Don’t play what’s there, play what’s not there.
– Miles Davis
Miles Davis is my definition of cool.
– Bob Dylan
I discovered Miles Davis through Prince. Prince talked about Miles and they played together, they played each others songs and I got curious. My first meet with Miles Davis was in the eighties, the years that some hard-core Miles fans consider the decline or the lost years. Not for me, I love 80s Miles Davis, and what I heard made me go back in time. What a world that opened up!
I got to see him in concert, once in 1988. To a young and recent fan it was mind-blowing!
Tutu, Stuttgart 1988:
Throughout a professional career lasting 50 years, Miles Davis played the trumpet in a lyrical, introspective, and melodic style, often employing a stemless Harmon mute to make his sound more personal and intimate. But if his approach to his instrument was constant, his approach to jazz was dazzlingly protean. To examine his career is to examine the history of jazz from the mid-’40s to the early ’90s, since he was in the thick of almost every important innovation and stylistic development in the music during that period, and he often led the way in those changes, both with his own performances and recordings and by choosing sidemen and collaborators who forged new directions. It can even be argued that jazz stopped evolving when Davis wasn’t there to push it forward.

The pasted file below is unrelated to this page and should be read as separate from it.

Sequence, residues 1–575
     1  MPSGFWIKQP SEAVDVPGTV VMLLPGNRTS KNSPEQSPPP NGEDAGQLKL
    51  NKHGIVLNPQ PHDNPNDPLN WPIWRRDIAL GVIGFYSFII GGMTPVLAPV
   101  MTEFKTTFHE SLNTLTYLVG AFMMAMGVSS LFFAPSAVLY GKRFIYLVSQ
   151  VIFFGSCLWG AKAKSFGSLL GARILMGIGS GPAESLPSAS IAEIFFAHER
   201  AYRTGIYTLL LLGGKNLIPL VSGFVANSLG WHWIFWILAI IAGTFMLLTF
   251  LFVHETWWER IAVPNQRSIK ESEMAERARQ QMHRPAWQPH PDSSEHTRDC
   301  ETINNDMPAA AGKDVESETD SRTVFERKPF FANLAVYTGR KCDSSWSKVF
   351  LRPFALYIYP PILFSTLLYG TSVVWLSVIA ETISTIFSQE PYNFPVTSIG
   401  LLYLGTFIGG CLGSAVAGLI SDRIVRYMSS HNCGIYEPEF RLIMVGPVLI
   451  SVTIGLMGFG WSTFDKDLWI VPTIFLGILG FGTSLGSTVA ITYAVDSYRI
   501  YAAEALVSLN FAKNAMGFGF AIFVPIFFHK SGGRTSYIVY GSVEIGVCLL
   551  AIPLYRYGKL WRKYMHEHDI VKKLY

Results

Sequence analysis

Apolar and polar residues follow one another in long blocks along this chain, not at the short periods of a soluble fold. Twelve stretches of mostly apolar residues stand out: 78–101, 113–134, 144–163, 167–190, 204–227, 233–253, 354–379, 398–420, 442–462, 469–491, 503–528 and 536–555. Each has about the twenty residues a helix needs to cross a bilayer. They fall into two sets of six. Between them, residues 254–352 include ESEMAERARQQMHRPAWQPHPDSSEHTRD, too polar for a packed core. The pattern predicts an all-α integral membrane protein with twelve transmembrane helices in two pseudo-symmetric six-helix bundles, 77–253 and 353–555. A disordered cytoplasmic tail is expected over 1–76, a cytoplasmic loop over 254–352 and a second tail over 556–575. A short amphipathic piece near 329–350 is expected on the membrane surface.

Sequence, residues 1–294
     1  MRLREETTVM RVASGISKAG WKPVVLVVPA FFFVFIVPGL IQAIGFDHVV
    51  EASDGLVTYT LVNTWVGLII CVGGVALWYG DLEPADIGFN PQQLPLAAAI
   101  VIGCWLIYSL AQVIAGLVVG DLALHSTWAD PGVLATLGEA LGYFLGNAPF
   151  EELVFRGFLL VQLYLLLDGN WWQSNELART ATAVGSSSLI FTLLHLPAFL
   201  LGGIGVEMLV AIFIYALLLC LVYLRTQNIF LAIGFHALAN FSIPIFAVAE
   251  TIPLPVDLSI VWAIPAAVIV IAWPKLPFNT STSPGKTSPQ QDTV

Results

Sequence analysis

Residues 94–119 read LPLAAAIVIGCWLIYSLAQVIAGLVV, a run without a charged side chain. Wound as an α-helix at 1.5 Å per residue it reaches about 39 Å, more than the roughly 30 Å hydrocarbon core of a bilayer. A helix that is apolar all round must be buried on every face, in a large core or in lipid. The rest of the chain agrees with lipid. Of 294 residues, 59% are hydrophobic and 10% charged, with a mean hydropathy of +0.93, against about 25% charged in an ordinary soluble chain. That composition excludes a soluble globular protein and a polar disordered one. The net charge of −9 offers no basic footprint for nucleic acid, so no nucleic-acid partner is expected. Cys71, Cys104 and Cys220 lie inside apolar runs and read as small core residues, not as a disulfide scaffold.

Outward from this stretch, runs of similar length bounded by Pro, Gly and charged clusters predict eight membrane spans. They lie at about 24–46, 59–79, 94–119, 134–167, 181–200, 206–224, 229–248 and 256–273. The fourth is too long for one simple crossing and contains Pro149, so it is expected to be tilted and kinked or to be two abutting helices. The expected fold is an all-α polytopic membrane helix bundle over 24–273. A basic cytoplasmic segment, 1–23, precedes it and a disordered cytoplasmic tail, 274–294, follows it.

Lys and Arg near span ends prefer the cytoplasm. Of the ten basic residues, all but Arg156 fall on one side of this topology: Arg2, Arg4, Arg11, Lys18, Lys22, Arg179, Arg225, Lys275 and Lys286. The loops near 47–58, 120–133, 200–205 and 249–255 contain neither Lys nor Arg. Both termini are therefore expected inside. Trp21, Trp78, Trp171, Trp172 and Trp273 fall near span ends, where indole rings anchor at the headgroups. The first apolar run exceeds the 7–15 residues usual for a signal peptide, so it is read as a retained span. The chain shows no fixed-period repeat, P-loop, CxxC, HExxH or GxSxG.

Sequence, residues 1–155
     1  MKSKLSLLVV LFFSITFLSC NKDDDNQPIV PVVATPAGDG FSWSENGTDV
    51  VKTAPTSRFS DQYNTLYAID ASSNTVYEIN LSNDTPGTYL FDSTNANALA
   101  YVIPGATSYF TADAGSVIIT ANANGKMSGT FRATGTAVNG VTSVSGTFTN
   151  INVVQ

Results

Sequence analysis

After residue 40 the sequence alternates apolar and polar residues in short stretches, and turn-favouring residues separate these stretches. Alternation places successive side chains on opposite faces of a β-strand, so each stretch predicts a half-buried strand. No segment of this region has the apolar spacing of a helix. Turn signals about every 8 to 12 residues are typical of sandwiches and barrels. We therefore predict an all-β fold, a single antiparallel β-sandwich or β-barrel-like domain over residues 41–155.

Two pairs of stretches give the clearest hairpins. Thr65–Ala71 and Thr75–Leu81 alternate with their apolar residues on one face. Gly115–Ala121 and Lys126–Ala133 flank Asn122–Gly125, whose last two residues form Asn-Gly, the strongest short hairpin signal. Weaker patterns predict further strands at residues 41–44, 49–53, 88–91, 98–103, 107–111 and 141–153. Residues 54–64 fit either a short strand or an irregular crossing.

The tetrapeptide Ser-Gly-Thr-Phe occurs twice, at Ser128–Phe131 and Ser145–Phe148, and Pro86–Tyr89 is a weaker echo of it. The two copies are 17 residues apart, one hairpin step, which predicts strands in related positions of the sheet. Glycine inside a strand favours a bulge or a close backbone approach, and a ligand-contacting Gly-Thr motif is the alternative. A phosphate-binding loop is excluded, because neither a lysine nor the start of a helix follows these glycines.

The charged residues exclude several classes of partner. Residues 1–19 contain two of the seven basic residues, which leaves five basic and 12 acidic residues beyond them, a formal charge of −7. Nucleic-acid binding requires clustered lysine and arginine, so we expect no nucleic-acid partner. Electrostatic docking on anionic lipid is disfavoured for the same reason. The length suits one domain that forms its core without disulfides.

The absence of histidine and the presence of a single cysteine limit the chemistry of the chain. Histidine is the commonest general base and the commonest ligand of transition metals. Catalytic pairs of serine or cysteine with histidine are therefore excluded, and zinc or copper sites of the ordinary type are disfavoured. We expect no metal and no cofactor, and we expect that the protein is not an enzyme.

– William Ruhlmann
The best Jazz song in music history, So What:
I have choses On The Corner (1972) as today’s album, my favorite Miles record is Kind of Blue, but I thought it would be nice to focus on one of my other favorites. It is a an album that was loathed when it was released. Miles Davis was accused of selling out (just as he was in the 80s). When listening to the album today it is hard to understand what he was selling out to…
At the time, everyone loathed Miles Davis’s On the Corner – even the people who played on it. But now, some of the coolest names in music are proud to name it as a major influence. – Paul Tingen (The Guardian)
other 26 May: